To investors, if founders repay the trust of investment made by delivering the above promises, it means returns; and to society, it means growth and prosperity. But trust is fragile, it waxes and wanes. It means being competent, playing fair, and most of all, acknowledging and, if necessary, remediating, all the impact your decisions have, whether intended or not. Of course, it’s not always possible as a founder to make decisions that completely delight investors, but it is possible to make decisions that keep faith with and retain the trust they have in you, by being authentic and acting with integrity at all times.

Being authentic means that the gap between who you are and who you portray to be as close as zero as possible. In other words, being authentic means bringing the ‘real you’ wherever you go, in every situation and conversation. You can look at it from a moral angle, but I’m particularly interested in making a business case for being authentic.

Let’s start with what happens when you are not authentic. You will start with creating an image of yourself that is different from who you really are. It takes an effort to do that. Now, you will have to act out that image and make everyone believe that what you act out is who you really are. It takes even more effort to fulfil that. Once you act this out, you need to remember this image because you need to behave consistently with your image with all the people that have seen you portraying that image. That seems like a burden that you have chosen to carry to me. That you are interacting daily on a superficial level is odd, as betraying trust means betraying yourself.

Thinking about authenticity made me aware of my own conversations I’d been involved in as an angel investor, and recall the awkward situations where I considered my trust had been abused. Trust in humanity will only continue if we cultivate authenticity and sincerity in face to face conversation, and once these behaviours have lapsed, trust is broken and I’m done with that relationship.

Authentic’ is derived from the Greek authentikós, which means ‘original’, but just being original doesn’t mean you will be perceived as authentic. You could be an original phoney. At its heart, authenticity is about practicing your underlying principles and values – being totally clear about who you are, your purpose and what you stand for. When your rhetoric gets out of sync with your values, you lose your integrity and future persuasiveness suffers.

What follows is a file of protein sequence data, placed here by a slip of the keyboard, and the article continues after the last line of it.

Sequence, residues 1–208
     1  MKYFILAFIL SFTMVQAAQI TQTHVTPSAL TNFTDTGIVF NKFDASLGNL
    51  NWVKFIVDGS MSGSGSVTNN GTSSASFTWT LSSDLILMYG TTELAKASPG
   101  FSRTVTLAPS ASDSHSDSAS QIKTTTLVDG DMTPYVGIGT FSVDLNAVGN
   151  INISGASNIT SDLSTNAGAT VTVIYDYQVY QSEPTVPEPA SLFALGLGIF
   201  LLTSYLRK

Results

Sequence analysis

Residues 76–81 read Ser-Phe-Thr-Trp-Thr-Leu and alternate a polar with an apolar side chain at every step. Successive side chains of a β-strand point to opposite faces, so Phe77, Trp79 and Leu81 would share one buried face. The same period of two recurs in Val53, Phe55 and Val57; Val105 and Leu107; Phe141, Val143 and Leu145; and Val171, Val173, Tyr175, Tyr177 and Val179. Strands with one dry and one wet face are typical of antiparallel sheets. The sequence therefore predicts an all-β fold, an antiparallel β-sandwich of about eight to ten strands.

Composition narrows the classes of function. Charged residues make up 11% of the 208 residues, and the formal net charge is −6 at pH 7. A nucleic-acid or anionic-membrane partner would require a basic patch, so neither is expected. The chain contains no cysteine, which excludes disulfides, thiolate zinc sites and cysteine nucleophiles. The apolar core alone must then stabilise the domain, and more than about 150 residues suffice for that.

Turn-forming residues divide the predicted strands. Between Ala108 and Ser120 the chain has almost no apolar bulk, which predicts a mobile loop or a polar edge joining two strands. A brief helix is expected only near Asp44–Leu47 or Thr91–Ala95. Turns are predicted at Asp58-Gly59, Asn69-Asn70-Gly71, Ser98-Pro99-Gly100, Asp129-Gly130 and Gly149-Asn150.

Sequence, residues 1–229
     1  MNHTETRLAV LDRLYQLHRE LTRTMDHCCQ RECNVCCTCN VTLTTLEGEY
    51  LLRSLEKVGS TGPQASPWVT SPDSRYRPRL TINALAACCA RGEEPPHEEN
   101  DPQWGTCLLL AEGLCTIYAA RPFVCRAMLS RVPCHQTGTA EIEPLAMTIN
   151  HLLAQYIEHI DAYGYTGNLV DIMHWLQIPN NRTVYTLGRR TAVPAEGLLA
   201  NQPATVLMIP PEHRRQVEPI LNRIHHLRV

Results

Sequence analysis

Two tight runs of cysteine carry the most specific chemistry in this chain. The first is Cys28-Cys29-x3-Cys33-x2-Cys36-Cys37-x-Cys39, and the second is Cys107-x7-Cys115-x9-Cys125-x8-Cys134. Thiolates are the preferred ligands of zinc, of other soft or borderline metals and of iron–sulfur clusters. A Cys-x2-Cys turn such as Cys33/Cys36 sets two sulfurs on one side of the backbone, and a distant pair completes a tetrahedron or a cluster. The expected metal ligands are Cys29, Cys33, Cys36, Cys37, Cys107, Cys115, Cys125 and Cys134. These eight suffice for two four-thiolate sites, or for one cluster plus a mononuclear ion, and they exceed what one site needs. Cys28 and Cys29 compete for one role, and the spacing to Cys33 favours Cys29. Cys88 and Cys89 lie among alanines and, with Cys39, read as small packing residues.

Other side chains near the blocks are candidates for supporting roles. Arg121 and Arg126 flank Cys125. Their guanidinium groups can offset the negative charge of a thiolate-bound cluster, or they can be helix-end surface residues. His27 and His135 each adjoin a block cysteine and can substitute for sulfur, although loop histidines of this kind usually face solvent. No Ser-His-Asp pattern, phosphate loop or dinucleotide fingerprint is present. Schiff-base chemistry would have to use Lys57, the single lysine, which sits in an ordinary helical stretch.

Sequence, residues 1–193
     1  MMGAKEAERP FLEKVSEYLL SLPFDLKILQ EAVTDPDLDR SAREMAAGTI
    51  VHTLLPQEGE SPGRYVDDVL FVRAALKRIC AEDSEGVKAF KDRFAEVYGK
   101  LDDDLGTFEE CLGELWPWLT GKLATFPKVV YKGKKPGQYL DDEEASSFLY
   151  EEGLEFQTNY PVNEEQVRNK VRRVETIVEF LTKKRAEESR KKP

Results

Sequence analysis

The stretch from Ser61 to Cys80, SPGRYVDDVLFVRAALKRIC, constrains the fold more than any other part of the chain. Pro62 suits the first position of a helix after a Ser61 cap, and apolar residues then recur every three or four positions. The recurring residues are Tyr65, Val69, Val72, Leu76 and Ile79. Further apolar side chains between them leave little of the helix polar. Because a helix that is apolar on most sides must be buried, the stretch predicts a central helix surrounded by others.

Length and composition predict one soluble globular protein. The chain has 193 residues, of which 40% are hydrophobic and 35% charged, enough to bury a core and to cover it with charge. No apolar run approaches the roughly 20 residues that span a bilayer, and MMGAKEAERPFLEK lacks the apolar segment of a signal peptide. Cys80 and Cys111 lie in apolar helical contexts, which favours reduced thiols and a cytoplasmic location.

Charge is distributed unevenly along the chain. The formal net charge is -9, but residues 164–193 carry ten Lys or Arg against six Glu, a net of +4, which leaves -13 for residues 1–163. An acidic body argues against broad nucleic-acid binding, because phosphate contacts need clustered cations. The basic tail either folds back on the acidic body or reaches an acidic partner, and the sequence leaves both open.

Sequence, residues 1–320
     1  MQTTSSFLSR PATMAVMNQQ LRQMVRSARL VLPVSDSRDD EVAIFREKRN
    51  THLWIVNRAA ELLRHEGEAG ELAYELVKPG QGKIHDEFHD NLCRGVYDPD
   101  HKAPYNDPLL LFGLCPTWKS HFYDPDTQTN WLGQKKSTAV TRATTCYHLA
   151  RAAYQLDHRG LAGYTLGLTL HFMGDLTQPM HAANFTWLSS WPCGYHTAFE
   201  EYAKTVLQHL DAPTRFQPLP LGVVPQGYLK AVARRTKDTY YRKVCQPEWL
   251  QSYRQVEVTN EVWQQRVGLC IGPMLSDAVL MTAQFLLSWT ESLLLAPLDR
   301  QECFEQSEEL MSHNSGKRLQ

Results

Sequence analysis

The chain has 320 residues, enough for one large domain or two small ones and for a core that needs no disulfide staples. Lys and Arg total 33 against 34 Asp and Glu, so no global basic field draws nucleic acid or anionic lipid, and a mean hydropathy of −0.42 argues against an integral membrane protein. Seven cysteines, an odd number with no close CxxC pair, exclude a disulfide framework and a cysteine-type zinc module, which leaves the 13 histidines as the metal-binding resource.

So I’ve used trust as a key part in assessing my appetite to work with startup founders, and my experience is that it is a hallmark of high-performing startups – employees are more productive, more satisfied with their jobs, put in greater discretionary effort, are less likely to leave, and are healthier than those working in low-trust ventures. Startups that build trust among their customers are rewarded with greater loyalty and higher sales, and negotiators who build trust with each other are more likely to find value-creating deals.

I’ve developed an approach to assess the trustworthiness of founders on five dimensions: competence, motives, means, impact and sincerity. I’ve found that founders who demonstrate these five dimensions can deepen the trust others place in them and foster stronger relationships. Conversely, founders who don’t pay attention to them can easily behave in ways that undermine trust, often without even realising it.

For me, motives and sincerity are the essential qualities I look for, they make up the moral or ethical domain of trust, the areas where I judge founders on the choices they make, whether it’s whose interests they serve (motives), how they go about achieving their goals (means), or whether they own all the effects they have on others (impact).

By understanding the behaviours that underlie trust, startup founders are better able to elevate the level of trust that investors feel toward them, and for me this can be captured into the following three elements:

Positive relationship trust is in part based on the extent to which a founder is able to create a positive relationship with investors. To instil trust a founder must:

  • Be empathetic to the concerns of investors
  • Be open minded and listen to advice
  • Respond to feedback in a constructive way

Good judgement the extent to which a founder is able to show balanced judgement, shrewdness and perceptiveness gives an investor confidence. This means:

  • They show balanced judgement when making decisions
  • Creating conviction when expressing their ideas and opinions
  • Can anticipate and respond quickly to problems, offering solutions

Consistency The final element of trust is the extent to which founders walk their talk and do what they say they will do. Investors rate and respect a startup leader highly if they:

  • Are a role model and set a good example at all times
  • Follow through on their commitments and keep promises.
  • Act in the best interests of everyone, not just themselves

Watching the current political discourse (and deadlock and chaos), I experience a longing for an authentic discussion of the core values that ought to be guiding us as a society. I feel that we are morally adrift, that we do not have a clear sense of how to ground our identities and actions to ultimate values that transcend time and place.